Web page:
12 Dec 2012

Robust Milanese Osso Buco with Gremolata and Rice

I received a request on my Facebook page about whether I had a good recipe for Osso buco - and I was rather confident that I had blogged about it at some point. After a bit of browse through my site I realized that I had never prepared this dish for the blog before - I was rather surprised, since this dish is a classic. And it is certainly a recipe that every amateur chef has to have under the belt.

Now, this will be remedied! And I believe I met the challenge. When it comes to Osso Buco, two schools of gastronomy conflict - between the ones that use tomatoes in the recipe, and the ones that prefer not to. Tomatoes are probably a recent addition, since the original recipe which came into being around the turn of the 19th century in restaurants outside Milan do not include their mention. Before, it was tradition to serve risotto with the Osso buco, but personally I find it a little too rich - in my view rice or mashed potatoes do the trick. This time, I decided to simply serve rice (even I have limits).

There are many things about this kind of cooking that makes me rejoice. Here, my love for slow cooking - where a chewy cut of meat is transformed into a gloriously succulent bite - is united with the fresh flavors offered by the gremolata, creating a deep, savory taste which elevates the dish to flavorful heights.

Robust Milanese Osso Buco with Gremolata and Rice

Of course, this is truly a simple dish to cook. But as mentioned many times before, and holds for all good food, what matters is making sure the ingredients are of high quality and providing the cooking with proper time and care. Food of this caliber, with shanks - which is by nature chewy if cooked briefly, becomes tender to the extent that it melts in the mouth if they are cooked long enough.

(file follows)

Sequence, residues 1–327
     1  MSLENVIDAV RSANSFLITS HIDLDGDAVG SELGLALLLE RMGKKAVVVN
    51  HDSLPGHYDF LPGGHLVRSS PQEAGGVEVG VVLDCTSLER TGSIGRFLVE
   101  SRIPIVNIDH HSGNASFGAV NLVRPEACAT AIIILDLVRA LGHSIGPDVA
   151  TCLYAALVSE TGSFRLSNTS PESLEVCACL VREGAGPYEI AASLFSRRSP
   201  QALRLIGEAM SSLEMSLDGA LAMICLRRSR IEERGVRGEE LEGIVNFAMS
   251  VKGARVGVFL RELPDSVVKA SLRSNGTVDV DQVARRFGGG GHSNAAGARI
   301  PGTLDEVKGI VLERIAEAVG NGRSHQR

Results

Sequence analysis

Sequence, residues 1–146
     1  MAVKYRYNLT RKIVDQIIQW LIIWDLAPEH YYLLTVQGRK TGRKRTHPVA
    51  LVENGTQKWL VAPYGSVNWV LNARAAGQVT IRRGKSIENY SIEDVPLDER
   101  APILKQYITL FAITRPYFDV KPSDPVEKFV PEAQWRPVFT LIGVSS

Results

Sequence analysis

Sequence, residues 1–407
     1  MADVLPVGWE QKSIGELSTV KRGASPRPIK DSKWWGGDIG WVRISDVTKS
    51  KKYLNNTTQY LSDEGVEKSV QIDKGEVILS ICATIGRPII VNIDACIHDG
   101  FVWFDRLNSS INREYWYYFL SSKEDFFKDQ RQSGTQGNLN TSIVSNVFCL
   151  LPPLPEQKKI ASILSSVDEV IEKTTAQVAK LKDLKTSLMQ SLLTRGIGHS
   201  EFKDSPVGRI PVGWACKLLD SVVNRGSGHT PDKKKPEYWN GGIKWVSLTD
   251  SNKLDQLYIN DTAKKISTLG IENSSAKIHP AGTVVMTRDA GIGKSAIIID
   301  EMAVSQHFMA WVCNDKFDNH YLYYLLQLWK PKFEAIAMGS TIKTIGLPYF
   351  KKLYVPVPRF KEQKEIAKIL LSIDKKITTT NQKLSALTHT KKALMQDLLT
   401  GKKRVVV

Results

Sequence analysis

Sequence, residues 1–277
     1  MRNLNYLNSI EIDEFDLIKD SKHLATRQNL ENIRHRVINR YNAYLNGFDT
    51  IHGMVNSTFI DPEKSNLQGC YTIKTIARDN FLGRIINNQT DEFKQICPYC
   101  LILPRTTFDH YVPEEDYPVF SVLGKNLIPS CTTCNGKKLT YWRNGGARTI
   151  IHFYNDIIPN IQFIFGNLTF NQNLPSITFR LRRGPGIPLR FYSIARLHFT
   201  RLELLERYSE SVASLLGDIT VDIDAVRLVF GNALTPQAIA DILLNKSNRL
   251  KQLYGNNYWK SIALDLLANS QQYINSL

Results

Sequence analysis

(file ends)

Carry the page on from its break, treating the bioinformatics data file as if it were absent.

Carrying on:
First, dust the veal shanks in seasoned flour, and by this I mean flour that has been seasoned with salt and pepper. Next, it is fried in a hot pot until both sides are beautifully browned. Set aside the meat while you care to the vegetables.

I cut, as is my habit, two carrots, two sticks of celery, two yellow onions and three cloves of garlic, and fried in the same pot where the meat received its treatment. This mixture of carrots, celery and onion is commonly referred to as "mirapoix" in French cooking and forms the basis for most soups and stews! There are other versions of mirepoix from varying countries, "the holy trinity" in Cajun cooking, "refugado" in Portuguese cooking, "sofrito" in Spanish, and "suppengrunen" in German cuisine, just to name a few. The contents differ slightly from one country to the other, but everywhere the central concern is the same - creating an aromatic foundation for the meal!

By frying the vegetables in the same pot, the stock from the meat is released. When the vegetables have been generously seasoned, and assumed a soft glisten and a sweet smell, it is time for an important step!

And that means uniting the slices of meat with the vegetables. You try to arrange it in a way where the slices rest in between the veggies, although without the ingredients being piled on top of each other.

Next pour a large glass of white wine over the meat, and the liquid is allowed to boil, and then reduce by about a half.

Then you add half a liter of light stock, e.g. vegetable stock or homemade chicken stock. I was of course stocked with these exact things, stored in my freezer. Season rigorously.

Following this, little remains but to place the lid on top of the pot and transfer the entire shebang into a 120 degree hot oven for 2-3 hours.

While the stew is cooking away in the oven, there is enough time for other, yet equally imperative matters. For example, clean the kitchen, or simply continue slaving away at the hobs. The next step, making the gremolata, which is herb paste made from lemon zest, garlic and parsley.